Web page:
I am a Pope Francis devotee. Even in all his physical weakness, he brings a prophet’s words and a tiny little light of hope for the workings of the church in an ever-increasingly secular world. Pope Francis makes me believe that Christianity will one day be a key support structure once again for the quaking European civilization. His distinctive approach to every single human being with their life and issues fills me with hope that the church is now coming back to the beginnings of Jesus’ own work when he would read the prophet Isaiah’s works in a temple. The Pope’s calls to accept migrants fill me with the premonition that the developed Western world won’t be able to stem the great tide of migration after all. The Pope has a lot of supporters in Slovakia, but I feel like the church in general is somewhat nonplussed by him. The Pope’s words and actions often meet with nothing more than polite silence here in Slovakia.
You have a degree in mathematics. How do you reconcile faith and science?
I grew up in a family where church life meant celebrating the joy of Christian holidays and pious life within the church. Of course, I must add that during the battle for the freedom of the church during communism, there was no time to ask questions like these. Never in my life have I experienced a crisis of faith because of science. Some of the fundamental questions of faith that I can’t answer rationally, I answer in my heart simply by believing in God and trusting him. I try to keep reading, and I’m always happy to learn something new when it comes to understanding the Bible, and faith in general. Now that I’m old, I derive the most joy and comfort in prayer and the evening silent holy mass in the Jesuit church in Bratislava.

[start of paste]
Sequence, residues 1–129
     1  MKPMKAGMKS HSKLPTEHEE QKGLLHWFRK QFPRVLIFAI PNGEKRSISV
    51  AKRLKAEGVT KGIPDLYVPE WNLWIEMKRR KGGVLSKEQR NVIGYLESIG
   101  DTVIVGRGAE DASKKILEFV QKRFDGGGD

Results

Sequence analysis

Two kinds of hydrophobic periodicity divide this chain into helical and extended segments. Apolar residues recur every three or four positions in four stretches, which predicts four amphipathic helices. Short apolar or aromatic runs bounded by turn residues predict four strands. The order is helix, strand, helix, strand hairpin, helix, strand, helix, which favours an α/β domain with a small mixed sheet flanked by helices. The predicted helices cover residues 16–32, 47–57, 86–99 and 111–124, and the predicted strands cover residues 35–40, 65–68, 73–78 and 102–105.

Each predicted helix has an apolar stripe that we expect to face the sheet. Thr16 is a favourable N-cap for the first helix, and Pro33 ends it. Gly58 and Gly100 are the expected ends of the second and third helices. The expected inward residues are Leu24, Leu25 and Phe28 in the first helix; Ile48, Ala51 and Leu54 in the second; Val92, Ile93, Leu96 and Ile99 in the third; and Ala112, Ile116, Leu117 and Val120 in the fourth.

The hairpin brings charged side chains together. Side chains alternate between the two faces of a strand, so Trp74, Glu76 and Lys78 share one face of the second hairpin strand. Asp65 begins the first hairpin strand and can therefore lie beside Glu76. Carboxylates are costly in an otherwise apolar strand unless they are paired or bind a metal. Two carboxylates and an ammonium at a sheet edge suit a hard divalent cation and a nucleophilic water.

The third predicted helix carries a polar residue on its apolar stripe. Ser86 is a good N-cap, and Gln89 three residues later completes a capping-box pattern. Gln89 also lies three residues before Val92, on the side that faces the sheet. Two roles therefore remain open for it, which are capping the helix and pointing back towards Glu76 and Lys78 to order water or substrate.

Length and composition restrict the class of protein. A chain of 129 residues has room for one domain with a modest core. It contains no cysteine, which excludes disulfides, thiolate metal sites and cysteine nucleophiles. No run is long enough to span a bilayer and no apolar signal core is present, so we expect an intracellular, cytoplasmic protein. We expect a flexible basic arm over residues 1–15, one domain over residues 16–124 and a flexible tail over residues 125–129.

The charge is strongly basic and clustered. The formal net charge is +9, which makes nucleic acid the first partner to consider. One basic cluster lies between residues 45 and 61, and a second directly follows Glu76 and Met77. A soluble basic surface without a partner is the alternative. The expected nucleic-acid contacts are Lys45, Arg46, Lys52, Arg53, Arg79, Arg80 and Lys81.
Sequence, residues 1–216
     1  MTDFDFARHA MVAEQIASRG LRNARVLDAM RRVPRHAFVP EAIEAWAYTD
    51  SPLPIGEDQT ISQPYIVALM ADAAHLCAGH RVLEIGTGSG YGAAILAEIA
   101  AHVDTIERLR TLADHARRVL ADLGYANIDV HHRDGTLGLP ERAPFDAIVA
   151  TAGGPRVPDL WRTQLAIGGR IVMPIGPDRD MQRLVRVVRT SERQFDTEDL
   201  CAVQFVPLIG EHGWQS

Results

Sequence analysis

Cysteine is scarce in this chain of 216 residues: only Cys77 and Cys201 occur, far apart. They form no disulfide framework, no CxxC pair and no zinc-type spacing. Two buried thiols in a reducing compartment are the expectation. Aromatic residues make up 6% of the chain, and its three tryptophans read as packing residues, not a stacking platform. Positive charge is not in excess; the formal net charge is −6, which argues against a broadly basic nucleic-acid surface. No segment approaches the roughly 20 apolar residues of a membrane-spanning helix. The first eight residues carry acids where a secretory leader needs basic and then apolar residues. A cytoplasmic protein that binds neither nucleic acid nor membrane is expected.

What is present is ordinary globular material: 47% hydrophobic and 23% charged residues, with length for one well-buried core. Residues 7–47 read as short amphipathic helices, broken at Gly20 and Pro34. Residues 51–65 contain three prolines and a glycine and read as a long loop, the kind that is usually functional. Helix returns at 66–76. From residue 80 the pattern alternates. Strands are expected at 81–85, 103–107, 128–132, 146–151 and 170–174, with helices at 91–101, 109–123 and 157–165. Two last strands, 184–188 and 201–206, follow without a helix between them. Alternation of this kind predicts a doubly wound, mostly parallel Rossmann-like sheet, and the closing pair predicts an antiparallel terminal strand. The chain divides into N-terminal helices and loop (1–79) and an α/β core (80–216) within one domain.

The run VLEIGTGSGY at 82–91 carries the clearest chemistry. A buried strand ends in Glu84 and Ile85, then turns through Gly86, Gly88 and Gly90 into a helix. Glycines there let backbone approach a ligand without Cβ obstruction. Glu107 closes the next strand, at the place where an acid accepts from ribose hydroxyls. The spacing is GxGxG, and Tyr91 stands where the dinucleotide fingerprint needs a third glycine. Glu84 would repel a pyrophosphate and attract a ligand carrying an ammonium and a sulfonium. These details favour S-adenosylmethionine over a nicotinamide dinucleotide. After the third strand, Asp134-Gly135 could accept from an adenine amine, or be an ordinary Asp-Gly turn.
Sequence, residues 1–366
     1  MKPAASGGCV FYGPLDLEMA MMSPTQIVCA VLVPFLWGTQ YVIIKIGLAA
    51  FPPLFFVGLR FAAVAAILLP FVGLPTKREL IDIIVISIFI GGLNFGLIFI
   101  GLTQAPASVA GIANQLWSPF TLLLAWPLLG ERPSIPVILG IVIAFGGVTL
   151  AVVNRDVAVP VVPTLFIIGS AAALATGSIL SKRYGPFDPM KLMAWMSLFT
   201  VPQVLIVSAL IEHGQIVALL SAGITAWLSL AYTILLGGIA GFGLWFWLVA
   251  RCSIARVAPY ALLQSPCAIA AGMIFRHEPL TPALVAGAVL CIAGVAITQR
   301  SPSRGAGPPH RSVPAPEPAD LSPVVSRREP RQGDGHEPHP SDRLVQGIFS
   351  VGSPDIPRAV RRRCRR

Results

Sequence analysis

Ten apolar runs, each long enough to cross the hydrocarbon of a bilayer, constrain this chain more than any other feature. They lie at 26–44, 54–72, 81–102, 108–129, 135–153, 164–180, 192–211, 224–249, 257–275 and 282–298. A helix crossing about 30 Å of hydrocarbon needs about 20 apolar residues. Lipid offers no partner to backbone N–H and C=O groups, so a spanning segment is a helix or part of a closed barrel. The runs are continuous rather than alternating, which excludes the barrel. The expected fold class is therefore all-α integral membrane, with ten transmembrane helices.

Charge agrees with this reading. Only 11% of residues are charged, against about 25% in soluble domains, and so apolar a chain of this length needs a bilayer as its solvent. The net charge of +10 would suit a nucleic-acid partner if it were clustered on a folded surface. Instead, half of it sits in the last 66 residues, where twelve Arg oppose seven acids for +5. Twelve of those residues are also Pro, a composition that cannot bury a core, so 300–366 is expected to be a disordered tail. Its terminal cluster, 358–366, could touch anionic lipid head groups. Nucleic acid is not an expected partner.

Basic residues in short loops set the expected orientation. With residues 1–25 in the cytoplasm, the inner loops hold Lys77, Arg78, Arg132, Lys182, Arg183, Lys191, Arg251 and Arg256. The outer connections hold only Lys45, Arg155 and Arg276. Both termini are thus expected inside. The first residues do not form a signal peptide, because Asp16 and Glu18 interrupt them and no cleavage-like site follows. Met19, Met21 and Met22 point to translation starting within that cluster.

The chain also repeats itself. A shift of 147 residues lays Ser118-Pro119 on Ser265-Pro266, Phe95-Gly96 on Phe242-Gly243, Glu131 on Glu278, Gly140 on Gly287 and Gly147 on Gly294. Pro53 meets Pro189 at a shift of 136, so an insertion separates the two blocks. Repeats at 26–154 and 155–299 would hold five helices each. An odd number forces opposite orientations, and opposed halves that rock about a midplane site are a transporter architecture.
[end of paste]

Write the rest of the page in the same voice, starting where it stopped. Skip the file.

The author is a European editor for Deník
František Mikloško (born July 2, 1947, in Nitra) is a newly elected member of the Slovak NC for the KDH, as an independent candidate. He’s the younger brother of Jozef Mikloško, the former prime minister of the CSFR government.
He graduated in mathematics from the Comenius University Faculty of Natural Sciences, worked at the Cybernetics Institute in the field of numerical mathematics between the years 1971 and 1983, but then ended up as a laborer because he took an active part in dissent.
He was an activist of the so-called “secret church”, and was one of the organizers of Bratislava’s Great Friday in 1989 (more commonly known as the Candle Rally).
Immediately in November 1989, he became a member of the Coordination Committee of Public Against Violence and joined the KDH in 1992. Between 1990 and 2010, he was a member of the Slovak National Council and the National Council of the Slovak Republic.
He left KDH in 2008 and became the founding member of the Conservative Democrats of Slovakia party. He stayed there until 2014. He ran for President three times (in 2004, 2009 and 2019).
František Mikloško is married, he likes art, poetry, and dry white wine, he’s enjoyed doing sports all his life.